With any discussion about how technology can help solve the driver shortage, there’s usually the obligatory section on automated driving. But let’s face it, self-driving trucks are not likely to be an adequate replacement for the expertise of experienced human drivers. Not to mention that the technology certainly isn’t yet at the level where it could be a safe, reliable, or practical option — and probably won’t be for some time.
However, this doesn’t mean to say that elements of automated technology couldn’t be utilized by fleets to help address some of the issues surrounding the driver shortage. Largely from the perspective of demonstrating that automation technology can be a valuable source of support for newer drivers as they build their confidence and experience. The rise of the cognizant Internet of Things (IoT) has ushered in the drop in prices of sensor and communication technology. This means that supportive technology that doesn’t fully take control of the vehicle but can accurately assess and react to dangerous situations are starting to edge into reality.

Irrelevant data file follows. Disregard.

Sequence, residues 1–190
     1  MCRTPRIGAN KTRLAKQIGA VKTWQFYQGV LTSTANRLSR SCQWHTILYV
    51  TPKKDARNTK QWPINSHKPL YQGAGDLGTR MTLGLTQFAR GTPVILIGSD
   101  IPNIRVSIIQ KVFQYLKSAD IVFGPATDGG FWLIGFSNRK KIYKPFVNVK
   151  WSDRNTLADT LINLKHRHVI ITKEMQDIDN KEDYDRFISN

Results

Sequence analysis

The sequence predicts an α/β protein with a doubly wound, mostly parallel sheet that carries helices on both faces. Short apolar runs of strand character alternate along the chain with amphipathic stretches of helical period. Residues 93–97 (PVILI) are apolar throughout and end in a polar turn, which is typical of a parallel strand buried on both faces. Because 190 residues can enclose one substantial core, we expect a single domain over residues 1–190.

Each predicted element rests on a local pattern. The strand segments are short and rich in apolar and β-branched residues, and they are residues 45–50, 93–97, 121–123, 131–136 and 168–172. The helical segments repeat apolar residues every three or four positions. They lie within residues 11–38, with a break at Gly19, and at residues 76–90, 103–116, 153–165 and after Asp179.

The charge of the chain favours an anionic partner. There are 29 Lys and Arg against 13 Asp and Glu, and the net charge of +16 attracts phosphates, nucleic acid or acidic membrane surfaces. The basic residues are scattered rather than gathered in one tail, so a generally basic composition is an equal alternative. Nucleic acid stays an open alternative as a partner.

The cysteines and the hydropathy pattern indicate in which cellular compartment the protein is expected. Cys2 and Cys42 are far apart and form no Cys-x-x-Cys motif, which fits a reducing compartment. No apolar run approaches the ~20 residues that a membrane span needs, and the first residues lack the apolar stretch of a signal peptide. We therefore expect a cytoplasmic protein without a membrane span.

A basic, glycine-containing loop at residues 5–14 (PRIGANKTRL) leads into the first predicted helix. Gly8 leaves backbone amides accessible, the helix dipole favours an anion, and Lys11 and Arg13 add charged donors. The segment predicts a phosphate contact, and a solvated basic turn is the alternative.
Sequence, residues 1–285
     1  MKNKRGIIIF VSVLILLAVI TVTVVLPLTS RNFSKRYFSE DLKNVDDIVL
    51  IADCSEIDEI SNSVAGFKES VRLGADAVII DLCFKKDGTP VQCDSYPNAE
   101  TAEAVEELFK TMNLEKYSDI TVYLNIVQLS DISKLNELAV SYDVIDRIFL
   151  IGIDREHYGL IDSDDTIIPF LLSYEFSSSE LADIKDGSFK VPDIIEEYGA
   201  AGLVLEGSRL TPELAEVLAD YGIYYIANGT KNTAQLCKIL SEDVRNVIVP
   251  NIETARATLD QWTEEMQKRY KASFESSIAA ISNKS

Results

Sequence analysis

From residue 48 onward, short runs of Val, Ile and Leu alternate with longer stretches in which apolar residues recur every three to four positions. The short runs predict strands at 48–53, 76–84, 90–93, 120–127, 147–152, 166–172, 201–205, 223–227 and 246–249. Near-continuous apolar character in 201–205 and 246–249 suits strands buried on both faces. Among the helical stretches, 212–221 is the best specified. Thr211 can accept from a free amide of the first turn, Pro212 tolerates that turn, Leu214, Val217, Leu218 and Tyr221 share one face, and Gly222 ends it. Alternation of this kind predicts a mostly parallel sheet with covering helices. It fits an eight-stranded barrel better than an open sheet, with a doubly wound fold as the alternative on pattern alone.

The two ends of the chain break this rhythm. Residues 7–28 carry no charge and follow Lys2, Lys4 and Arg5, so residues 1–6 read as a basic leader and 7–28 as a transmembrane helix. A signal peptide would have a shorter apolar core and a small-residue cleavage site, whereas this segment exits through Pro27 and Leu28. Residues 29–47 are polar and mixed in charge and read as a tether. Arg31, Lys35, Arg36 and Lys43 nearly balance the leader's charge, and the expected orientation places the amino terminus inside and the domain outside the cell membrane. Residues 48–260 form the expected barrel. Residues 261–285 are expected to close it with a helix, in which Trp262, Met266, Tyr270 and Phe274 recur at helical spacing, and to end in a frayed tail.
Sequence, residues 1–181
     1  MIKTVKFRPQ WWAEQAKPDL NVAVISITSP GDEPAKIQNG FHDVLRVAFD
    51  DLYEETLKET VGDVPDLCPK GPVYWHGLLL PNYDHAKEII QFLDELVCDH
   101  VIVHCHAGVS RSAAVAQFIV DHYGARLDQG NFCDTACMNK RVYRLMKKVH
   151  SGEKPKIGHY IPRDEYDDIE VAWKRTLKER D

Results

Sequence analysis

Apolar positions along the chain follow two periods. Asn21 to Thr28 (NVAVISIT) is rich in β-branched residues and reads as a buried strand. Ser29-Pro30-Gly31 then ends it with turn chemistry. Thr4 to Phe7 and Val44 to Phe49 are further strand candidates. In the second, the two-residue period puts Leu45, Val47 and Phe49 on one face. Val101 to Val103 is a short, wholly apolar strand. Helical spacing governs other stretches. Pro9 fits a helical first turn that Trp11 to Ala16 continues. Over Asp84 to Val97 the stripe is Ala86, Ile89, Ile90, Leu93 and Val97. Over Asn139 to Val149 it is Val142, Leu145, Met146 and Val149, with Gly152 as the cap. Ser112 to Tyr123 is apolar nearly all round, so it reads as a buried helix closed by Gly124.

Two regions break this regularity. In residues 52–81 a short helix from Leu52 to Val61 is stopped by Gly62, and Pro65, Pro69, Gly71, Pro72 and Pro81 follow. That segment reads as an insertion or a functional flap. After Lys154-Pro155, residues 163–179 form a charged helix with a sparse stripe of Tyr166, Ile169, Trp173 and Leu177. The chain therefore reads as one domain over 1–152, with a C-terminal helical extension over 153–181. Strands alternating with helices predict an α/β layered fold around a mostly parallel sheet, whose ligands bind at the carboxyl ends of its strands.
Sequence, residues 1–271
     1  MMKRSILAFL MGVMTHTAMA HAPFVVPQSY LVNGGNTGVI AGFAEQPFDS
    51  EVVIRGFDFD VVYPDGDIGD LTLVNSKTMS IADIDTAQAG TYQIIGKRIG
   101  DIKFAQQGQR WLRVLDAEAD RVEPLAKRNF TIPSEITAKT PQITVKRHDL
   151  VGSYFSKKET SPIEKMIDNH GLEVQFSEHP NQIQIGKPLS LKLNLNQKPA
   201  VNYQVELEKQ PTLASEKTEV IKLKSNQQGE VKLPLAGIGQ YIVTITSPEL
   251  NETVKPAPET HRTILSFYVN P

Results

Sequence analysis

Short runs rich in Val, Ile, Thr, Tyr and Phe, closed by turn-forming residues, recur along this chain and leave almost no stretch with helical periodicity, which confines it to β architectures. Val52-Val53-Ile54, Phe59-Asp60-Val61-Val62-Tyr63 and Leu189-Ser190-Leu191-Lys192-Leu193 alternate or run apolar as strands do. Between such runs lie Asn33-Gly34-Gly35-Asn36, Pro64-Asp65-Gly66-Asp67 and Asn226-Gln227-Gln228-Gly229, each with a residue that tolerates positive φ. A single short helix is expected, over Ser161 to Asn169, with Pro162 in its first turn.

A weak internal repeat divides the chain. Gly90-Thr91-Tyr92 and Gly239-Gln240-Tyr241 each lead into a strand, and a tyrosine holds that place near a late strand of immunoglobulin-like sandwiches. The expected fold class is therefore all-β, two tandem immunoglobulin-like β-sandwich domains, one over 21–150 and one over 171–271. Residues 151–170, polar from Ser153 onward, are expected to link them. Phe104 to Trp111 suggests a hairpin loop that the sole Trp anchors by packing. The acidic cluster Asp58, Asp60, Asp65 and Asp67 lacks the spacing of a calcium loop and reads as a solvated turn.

Solutions could also be presented as 5G networking begins its widespread implementation in 2020. An infrastructure that allows for uninterrupted connectivity will help make vehicle to vehicle (V2V) technology practical for fleets. Peloton Technology recently showcased its new truck platooning system, which utilizes V2V to allow one truck driver to control multiple vehicles. Radar sensors fitted to the vehicles to collect and share data that allows the paired vehicles to respond to braking, acceleration, and even alert the driver to potentially hazardous scenarios.